EVERYBODY is looking forward to Saturday's William Hill Scottish Cup final.
Everybody, that is, apart from the supporters of both clubs. I know a lot of Hearts fans while some of my best pals who I go golfing with are Hibs fans and both sets of supporters are utterly dreading it because they both know they will never get over it if they get beaten. Which is why this showpiece is so fascinating to the neutral. Hearts and Hibs fans would always say the first Edinburgh derby final since 1896 is bigger than an Old Firm final and on this occasion it probably is, just because of the circumstances surrounding it.
The story is written for both Edinburgh sides. In the Tynecastle club's case, Hibs are about to win their first Scottish Cup for 110 years and who should turn up in the final to stop them and make it 111? Their biggest rivals.
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Alternatively, you have the Hibs fans who have gone 110 years without winning it, and their thinking is you don't just win it but you stop that rot once and for all by beating your biggest rivals. What is beyond doubt is that one half of the capital's fans are going to be delirious and the others are going to be on the street of despair.
There will be a lot of boyhood supporters of both teams playing on the day – Hibs have the likes of Leigh Griffiths, Garry O'Connor and Paul Hanlon while Hearts have guys like Ian Black – and the stakes are so high there has to be a chance that things could turn nasty. This is a powderkeg game because whatever happens, the outcome is never going to be forgotten. I know even Hibs and Hearts fans themselves will forget some derbies, but this game is going to be remembered forever.
I hope it doesn't boil over, but I just think back to what I was like as a player in those circumstances; you would do absolutely anything not to get beaten in a game like that.
I suppose the closest I ever came was Scotland v England in the Euro 1999 play-off. Okay, so it is not a life or death, but remember you are playing against the Auld Enemy. I am not sure I could ever live it down if I was a Hearts or Hibs player and I lost in the final. But you can't get caught up in the circus and start thinking about what might happen if you lose, because quite simply you will not perform on the day.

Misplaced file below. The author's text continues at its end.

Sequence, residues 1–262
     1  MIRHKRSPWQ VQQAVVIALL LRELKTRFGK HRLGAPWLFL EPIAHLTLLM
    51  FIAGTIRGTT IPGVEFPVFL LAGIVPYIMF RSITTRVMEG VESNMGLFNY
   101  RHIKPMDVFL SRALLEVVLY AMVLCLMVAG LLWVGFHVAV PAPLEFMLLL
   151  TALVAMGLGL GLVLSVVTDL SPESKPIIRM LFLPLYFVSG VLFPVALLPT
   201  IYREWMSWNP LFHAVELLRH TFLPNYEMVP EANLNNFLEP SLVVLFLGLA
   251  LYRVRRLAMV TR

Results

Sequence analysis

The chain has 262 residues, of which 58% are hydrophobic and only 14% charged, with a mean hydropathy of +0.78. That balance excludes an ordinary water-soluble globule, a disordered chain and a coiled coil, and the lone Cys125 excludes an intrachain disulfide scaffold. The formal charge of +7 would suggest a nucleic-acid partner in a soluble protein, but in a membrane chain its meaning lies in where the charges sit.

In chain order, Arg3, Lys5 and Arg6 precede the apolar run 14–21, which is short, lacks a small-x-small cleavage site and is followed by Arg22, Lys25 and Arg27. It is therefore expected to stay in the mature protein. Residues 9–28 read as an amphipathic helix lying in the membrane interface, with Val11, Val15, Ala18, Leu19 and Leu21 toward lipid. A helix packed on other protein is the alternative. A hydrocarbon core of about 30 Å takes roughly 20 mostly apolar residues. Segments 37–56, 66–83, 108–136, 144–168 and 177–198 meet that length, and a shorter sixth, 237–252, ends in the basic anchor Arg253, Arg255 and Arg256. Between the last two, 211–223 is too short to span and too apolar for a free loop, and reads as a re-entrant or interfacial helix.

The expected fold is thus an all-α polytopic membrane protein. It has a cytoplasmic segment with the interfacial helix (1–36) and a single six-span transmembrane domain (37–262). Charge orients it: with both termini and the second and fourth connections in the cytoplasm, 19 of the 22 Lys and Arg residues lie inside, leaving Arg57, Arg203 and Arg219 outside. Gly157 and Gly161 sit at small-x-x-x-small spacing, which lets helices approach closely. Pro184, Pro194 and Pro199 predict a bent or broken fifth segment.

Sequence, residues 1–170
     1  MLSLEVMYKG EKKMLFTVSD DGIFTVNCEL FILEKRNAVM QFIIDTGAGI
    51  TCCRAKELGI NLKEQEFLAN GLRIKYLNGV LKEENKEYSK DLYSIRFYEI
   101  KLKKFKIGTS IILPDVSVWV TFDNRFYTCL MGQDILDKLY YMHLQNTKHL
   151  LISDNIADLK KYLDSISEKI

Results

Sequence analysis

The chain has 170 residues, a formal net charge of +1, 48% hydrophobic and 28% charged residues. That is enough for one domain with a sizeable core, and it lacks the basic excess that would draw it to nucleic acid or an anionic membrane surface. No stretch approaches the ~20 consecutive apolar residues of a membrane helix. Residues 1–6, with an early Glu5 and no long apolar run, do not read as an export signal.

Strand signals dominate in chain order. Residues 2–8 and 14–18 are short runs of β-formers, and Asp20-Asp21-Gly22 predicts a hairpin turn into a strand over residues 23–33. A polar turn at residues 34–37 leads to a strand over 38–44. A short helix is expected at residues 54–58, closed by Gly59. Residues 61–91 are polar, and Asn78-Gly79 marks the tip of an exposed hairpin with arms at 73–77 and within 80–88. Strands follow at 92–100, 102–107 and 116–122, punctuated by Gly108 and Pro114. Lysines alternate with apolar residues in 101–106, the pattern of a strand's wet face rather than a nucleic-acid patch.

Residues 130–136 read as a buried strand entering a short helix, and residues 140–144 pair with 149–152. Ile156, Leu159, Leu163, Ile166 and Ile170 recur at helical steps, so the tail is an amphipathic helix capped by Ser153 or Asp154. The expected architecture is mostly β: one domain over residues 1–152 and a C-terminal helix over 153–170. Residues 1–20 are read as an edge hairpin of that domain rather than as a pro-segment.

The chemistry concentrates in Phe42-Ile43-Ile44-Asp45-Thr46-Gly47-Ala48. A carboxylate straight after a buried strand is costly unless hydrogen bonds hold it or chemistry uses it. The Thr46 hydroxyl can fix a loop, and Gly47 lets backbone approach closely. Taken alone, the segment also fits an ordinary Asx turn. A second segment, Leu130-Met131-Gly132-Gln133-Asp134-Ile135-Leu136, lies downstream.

Without a doubt, Hearts have the better squad, they have won all three derby meetings this season and have had a far better season in the SPL, but fate is fate.
I have a feeling Hibs are going to win. The Easter Road side have had their cup hoodoo thrown at them so often that my gut instincts tell me Hearts could be haunted forever by this end-of-season finale.
It has taken more time than Pat Fenlon might have hoped to put fears of relegation behind him. He should have been enjoying his cup build-up a couple of weeks ago, but their victory over Dunfermline on Monday was actually perfect timing, giving him a good solid 13-day prep time for this match. He has taken his side to Dublin to get away from the hype, which is a good idea.
Losing a cup final to Hibs would be a huge black mark against Hearts manager Paulo Sergio, but I don't think it should be the determining factor on whether he stays or goes. For me, he has been a really good manager, and has been excellent at keeping all the financial troubles away from the players.
There are plenty of match-winners in both teams. Griffiths and O'Connor tick the boxes for Hibs up front, while James McPake could be equally important defensively. The former Livingston player at times seems to have single-handedly kept them up and will be a huge player in the final because I expect Hearts to have the bulk of the possession.
As for Hearts, I have been very impressed with Craig Beattie since he came to the club. He has given them a physical presence they have missed since Kevin Kyle got injured. Ian Black will get a big move because he is a decent player, and Rudi Skacel is always a threat. Both sets of fans should be looking forward to one of the biggest days in their club's history, but they aren't because they both know how bad it will feel next Sunday morning if they get beaten.
IT was sad this week to see Motherwell's Stephen Craigan quit football. He is a fit boy, is only 35, and for me could have had another couple of years. He was never a gifted player, but big Crags made the best of what he had. You could put him in the same mould as David Weir. Give me 11 Stephen Craigans any week, rather than a Derek Riordan or a Willie Gibson, guys who have all the talent in the world, but have thrown it away.